Safety is paramount for Fournier and his fellow balloonists: They don’t fly in any inclement weather, or even if bad weather is predicted. They don’t fly if there are thunderstorms within 100 miles. They don’t fly if the winds are excessive. Such details are some of the information that the pilots will share with festival-goers. The balloonists will share information about everything from the envelopes (the actual fabric that holds the air) to the burners (the unit that propels heat inside the envelope) to the parachute valves (the vent atop the envelope that allows hot air to escape at a controlled rate, allowing the balloonist to control altitude) to the varying levels of wind currents in the atmosphere that steer a balloon’s direction. And because the festival is a rain-or-shine event, the balloons still will be the centerpiece, even if the envelopes stay packed away.
And while the balloons are the main draw, there are plenty of other things to see and do at the festival. Live entertainment and music begin when the gates open at 3 p.m. and continue until 8 p.m.; regional and local craft vendors will peddle their wares; activities for kids, including a rock wall, face painting, “trackless train” rides and water balloon fights, will take place; almost two dozen food and concession trucks will sell everything from hot dogs and barbecue to snow cones and coffee; a craft beer tent will offer libations for adults; and a Nine Lakes Wine Country tasting will be offered for an extra charge.
Logistically, Fournier hopes, the addition of extra balloons will accommodate the demand for tethered rides. (Ride tickets sold out last year, but parking and ride passes can be purchased in advance through the festival’s website.) The sign-up table is closer to the balloon field this year, he added, and the tethered rides some balloons will offer during the glow will give the entire event a three-dimensional feel.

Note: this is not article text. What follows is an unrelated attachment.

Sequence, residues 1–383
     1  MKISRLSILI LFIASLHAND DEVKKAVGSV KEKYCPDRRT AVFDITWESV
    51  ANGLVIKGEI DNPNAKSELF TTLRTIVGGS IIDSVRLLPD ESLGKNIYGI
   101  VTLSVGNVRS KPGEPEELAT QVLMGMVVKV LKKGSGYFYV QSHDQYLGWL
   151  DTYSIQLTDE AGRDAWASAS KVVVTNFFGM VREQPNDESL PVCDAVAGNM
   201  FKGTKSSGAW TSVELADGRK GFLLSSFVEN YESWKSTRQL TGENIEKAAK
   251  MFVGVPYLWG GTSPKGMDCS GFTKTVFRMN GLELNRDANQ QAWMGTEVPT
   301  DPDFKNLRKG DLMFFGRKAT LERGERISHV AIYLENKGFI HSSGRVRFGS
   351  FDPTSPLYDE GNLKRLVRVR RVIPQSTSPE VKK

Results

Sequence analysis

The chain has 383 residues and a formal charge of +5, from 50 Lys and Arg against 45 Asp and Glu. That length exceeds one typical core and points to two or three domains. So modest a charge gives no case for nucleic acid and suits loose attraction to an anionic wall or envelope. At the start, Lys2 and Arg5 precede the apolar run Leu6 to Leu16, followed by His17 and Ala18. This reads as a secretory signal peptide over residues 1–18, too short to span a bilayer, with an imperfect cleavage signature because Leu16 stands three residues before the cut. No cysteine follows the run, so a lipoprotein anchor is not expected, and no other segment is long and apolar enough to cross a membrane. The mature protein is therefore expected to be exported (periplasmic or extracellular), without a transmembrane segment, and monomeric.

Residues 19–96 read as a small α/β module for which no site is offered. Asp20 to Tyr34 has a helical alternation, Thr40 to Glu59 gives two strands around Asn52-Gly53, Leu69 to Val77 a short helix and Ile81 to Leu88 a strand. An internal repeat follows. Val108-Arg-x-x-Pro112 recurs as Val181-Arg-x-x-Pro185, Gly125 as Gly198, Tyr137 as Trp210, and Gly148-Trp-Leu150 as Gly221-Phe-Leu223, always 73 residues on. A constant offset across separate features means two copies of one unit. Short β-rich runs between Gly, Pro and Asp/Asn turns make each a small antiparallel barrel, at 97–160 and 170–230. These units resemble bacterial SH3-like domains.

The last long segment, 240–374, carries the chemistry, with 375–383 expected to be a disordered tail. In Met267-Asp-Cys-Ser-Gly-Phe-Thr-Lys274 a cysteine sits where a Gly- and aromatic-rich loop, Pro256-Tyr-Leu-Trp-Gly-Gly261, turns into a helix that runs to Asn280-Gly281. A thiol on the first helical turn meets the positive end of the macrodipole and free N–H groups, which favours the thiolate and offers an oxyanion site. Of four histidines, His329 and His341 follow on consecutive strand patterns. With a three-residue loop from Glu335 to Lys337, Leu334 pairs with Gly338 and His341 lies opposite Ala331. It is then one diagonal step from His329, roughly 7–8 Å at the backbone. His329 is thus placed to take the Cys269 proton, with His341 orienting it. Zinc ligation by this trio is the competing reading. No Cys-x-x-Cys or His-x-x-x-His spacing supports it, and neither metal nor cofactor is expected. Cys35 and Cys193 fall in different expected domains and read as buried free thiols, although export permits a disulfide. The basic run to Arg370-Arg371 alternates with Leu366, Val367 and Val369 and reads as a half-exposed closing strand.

“There won’t be just balloons on the ground glowing, but going up and down at the same time,” he said.
It will, he’s confident, inspire some who attend to fall in love with ballooning, just as he did. Fournier — who ended up marrying the pilot who took him on his first balloon ride and now runs What’s Up Ballooning with her — was living in New Hampshire at the time. It was another few years before he started his training in August 1997, but less than a year later, he had obtained his private license. He was licensed to fly commercially in June 1999, marking the end of a two-year journey that takes most pilots roughly six years to master.
“My wife told me and tells anybody that comes along that buying the balloon is just the down payment,” he said with a laugh. “You can buy a used system for the low teens (thousands of dollars), and that’s a decent system to learn on, but then you’ve got to get the chase vehicle, support, the trailer, your crew, the whole big bugaboo. But everyone has a passion. You just have to ask yourself, what is it you want to do?
“For me, I knew as soon as I left the ground this is what I wanted. There was no question it was a passion, and every chance I had, I was flying. Money-wise, you’re talking probably the same if you were to have a boat, in terms of maintenance and inspections and repairs. But then you’ve got to figure out, where are you going to get the propane? Where are you going to store all of this stuff? Because not everybody is going to let you store 40 gallons of propane and a balloon in their enclosed storage unit.”
Which is why, for many festival-goers, Saturday’s tethered rides will be as close as they ever come to the feeling that still makes Fournier’s heart sing every time he leaves the ground. And to partake in the beauty that is the glow of 12 envelopes lit up against the backdrop of the Great Smoky Mountains?
“It’s unique. It’s just magic. There’s no other experience like it,” he said. “I’m going to be 60 this year, and I’ve been around the block a few times, but there are very few experiences like being in a hot air balloon. There’s no sensation of liftoff: If you close your eyes, you won’t even know you’ve left the ground. It’s just special to me, and that’s why I do it for a living.”